Depression is an extremely complex disease. While no one knows exactly what causes it, a variety of situations have been tied to those suffering from it. Here are a few examples:
Past (or current) physical, emotional or mental abuse;
- Some medications (i.e., drugs), such as isotretinoin (used to treat acne), the antiviral drug interferon-alpha, and corticosteroids;
- Personal conflicts with family, friends or co-workers;
- Unnatural sadness or grief from the loss of a loved one;
- A family history of depression (i.e., genetics);
- Good or bad events that are large and have lots of meaning, like starting a new job, getting married, expecting a child, or losing a job, divorce, or retiring;
- Serious illnesses;
- Social isolation or being cast out from family or other social circles; and,
- Substance abuse. (Nearly 30% of people with substance abuse problems also have major or clinical depression.)
I’ve written on kung fu and its use to help those with anxiety and some depression in the past. I’ll try not to repeat myself here, so I encourage readers to check out that blog, also. What I would like to cover in this blog are three things kung fu has done to help those struggling with various internal conflicts:
- Improved Focus and Self Control. There are a lot of angles we could cover in relation to these things. What I want to start with is this: Kung Fu doesn’t seek to control someone to the point they’re struggling to express themselves freely. That kind of self-control isn’t natural, and can lead to further issues in the practitioner. Rather, kung fu seeks to empower the practitioner to find honest ways of holistically expressing one’s self in a safe, efficient and effective way. (This approach is the same as that neurologists and psychiatrists call the Flow State, a state where one entirely engages themselves in an activity, and what Wing Chun calls Nim Lik.) As we develop this condition to ourselves we become aware of several important things that help us deal with anxiety and depression, such as but not necessarily limited to: (1) Appropriate concentration in time and space; (2) healthy regulation of emotion as well as expression of emotion and thoughts; (3) self-control for the fulfillment of self defined goals, quality of life, etc.; and, (4) situational and self awareness. All of this with an increased confidence in ourselves and ability to relate to the world around us.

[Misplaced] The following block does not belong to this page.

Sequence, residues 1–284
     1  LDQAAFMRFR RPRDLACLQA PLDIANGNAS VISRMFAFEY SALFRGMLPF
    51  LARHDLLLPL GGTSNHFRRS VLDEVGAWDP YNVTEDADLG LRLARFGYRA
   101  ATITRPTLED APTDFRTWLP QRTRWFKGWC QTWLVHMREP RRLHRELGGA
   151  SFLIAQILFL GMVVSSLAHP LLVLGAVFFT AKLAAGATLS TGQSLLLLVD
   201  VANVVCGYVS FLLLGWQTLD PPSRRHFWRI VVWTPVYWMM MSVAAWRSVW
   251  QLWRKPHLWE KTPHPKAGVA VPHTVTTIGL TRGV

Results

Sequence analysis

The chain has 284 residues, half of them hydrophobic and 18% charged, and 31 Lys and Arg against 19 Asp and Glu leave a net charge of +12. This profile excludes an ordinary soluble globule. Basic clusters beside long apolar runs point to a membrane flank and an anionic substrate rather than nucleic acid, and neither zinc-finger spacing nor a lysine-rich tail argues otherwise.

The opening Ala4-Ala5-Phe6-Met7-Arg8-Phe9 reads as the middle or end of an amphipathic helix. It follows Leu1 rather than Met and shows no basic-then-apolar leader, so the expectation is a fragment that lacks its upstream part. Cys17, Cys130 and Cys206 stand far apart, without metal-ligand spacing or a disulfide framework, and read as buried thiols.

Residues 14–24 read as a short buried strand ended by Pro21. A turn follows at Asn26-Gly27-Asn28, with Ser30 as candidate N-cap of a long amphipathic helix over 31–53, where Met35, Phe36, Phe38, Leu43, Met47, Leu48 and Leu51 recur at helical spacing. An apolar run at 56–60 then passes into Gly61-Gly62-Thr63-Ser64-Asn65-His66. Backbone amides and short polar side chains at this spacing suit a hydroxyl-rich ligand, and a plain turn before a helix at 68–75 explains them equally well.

More Social Confidence. A fight requires two or more people to engage each other. If for no other reason than this, a practitioner of kung fu learns how to maintain a condition to themselves while relating to others. During training, though, one will not only learn to deal with the violent situations, they will learn to listen and communicate with others while building themselves up and help others do the same. The most common mental health problems usually involve social impairment, particularly social withdrawal (i.e., when you’re depressed or anxious you want to be alone). When one gives into these tendencies the situation always feels worse; but, when one overcomes these tendencies to socialize with others they generally feel better. So, kung fu training can be a form of exposure to social situations beyond just the fight that build up the individual and empower them to overcome their anxiety or depression.
- Positive Self-esteem. Anytime we engage in something that improves our mind and body we gain a sense of accomplishment and feel better than we did before (e.g., stronger, healthier, better equipped, etc.). Kung fu offers a unique opportunity to face fears and overcome them. As with socializing, many people seek to avoid the things that cause them fear; thereby, making decisions to “not risk it” in life (i.e., living in a way that might cause them fear) rather than freely and honestly engaging life, wholly. But, as a practitioner of kung fu will tell you, once you face that fear it becomes a reference for every other obstacle in your life. You begin to say: “I remember when this used to bother me and stop me from living my life, and I overcame it. I’ll do the same with this new obstacle.” This type of confidence (not to be confused with arrogance) becomes an identifying characteristic of yourself to others – and your self. It opens the door to patience, careful yet honest interpretation of relationships and communications through living with the world around you, as well as other positive characteristics.
If you’re struggling with anxiety or depression, we always recommend you speak to your doctor about it. But, don’t give up on yourself and give power over to a medication. Where you do have control (and don’t require medication) take action by seeking a kwoon (i.e., school) near you that can help you with kung fu for the reduction of your anxiety and depression. We can be reached at email@example.com.
Empower yourself to life!™
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